So Borgerson went foraging at Princeton, where the cicadas are busy shedding their skins, unfolding their wings, hardening their new skin, and looking for a mate (that deafening sound they make is the males’ mating call; they die shortly afterwards). There she harvested cicadas for our food, plucked them from trees and carefully tossed them into plastic containers. She looked for cicadas in the teneral stage, that is, immediately after they had assumed their adult form and were still pale white. Tenerife cicadas, she said, are the most delicious. (However, seafood allergy sufferers should not eat it.)

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Dr. Cortni Borgerson, assistant professor of anthropology at Montclair State University, will prepare and eat cicadas Tuesday, June 1, 2021.
(Photo: Michael Karas / NorthJersey.com)

Back home, she quickly froze them.

“They’ll last two weeks in the freezer,” she said. “You shouldn’t leave them out – they spoil like leaving lobsters on the counter.”

Eating cicadas is healthy and has benefits

She hopes that in the future, eating bugs will be normal for us. It is common to more than 2 billion people around the world (ants in China, grasshoppers in Mexico, bee larvae in Vietnam, beetles in the Amazon, crickets in Cambodia and Thailand).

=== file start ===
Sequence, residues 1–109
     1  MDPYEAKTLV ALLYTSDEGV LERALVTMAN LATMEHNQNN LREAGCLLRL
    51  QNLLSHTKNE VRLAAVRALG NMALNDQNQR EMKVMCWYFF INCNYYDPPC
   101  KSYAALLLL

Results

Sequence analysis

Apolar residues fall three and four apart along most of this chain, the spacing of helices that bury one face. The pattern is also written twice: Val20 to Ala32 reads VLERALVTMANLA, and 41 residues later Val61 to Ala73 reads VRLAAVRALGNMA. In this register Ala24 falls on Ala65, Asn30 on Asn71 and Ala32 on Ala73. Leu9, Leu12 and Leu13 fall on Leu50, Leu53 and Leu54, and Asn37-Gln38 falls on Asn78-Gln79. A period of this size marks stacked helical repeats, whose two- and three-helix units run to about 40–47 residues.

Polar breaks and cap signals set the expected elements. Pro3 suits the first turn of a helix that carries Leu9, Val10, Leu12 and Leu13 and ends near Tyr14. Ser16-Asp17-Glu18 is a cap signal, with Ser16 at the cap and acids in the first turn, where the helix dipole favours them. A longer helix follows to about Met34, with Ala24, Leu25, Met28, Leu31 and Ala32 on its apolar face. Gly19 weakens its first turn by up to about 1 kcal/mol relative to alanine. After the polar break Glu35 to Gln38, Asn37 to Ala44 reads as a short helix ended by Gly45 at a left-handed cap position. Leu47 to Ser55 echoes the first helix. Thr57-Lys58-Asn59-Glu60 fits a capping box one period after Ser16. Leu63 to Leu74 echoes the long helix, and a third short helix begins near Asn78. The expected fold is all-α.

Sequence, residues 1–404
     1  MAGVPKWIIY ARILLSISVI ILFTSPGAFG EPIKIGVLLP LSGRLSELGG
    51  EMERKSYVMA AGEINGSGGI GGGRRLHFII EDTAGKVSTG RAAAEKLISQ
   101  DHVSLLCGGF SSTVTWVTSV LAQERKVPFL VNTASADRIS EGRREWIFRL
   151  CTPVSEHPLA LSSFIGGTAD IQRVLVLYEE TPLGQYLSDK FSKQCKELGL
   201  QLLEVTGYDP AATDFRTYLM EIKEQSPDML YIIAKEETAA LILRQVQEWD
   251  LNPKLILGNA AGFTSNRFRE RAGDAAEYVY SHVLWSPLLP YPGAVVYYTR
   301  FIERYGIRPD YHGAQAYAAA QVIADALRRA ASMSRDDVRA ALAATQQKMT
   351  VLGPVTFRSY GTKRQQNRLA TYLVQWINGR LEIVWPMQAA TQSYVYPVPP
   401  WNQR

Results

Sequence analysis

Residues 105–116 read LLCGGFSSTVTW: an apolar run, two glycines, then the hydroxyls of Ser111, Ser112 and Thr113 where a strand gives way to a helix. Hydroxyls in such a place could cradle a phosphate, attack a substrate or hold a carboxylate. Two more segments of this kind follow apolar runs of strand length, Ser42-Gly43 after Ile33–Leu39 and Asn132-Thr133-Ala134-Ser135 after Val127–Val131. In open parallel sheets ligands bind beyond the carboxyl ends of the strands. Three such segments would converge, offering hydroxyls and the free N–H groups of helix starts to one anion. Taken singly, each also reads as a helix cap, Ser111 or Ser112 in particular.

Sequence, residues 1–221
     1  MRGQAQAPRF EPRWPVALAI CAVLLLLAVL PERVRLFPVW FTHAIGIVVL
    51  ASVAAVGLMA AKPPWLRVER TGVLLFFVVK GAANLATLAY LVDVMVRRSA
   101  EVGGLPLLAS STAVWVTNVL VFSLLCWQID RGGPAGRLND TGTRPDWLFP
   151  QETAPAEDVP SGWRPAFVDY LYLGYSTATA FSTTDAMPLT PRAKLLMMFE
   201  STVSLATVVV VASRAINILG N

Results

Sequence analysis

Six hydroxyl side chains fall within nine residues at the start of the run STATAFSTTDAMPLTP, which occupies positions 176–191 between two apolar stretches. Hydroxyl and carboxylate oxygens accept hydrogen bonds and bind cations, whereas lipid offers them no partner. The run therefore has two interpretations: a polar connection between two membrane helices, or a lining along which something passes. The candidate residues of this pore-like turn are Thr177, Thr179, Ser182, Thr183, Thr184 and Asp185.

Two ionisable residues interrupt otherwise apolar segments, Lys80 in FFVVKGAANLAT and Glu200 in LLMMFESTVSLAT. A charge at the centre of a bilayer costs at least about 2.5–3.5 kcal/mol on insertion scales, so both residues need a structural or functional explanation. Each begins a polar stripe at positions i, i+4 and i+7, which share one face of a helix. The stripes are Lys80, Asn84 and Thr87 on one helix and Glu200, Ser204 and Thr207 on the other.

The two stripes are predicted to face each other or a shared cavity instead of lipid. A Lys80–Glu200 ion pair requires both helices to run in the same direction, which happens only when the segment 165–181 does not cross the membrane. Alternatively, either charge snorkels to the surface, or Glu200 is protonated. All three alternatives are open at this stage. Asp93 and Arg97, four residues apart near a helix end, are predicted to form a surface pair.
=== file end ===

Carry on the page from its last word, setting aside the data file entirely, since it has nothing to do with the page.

Insects, she said, are nutritious (cicadas are low in calories, high in iron and protein, for example), sustainable (they don’t harm the environment and eat little), and a great way for us to feel connected to Mother Nature.

“We’re going to see a big boom in insect eating in the near future,” predicted Borgerson, comparing his potential rise to that of plant-based burgers. “It’s coming,” she said. “When I find bugs in the refrigerated section of my supermarket, I know we made it.”

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Dr. Cortni Borgerson, Assistant Professor of Anthropology at Montclair State University, prepares and eats cicadas on Tuesday June 1, 2021. “Sushi” with grilled cicadas in the pan.
(Photo: Michael Karas / NorthJersey.com)

How to prepare cicadas to eat

Borgerson prepared most of our meals at home before we met in a campus kitchen. In a long summer dress, she unloaded bags of avocados, cream cheese, sushi rice, nori, sriracha and cooked cicadas. We wanted to have sushi for lunch – cicada sushi. But no, we wouldn’t eat the cicadas raw, assured Borgerson.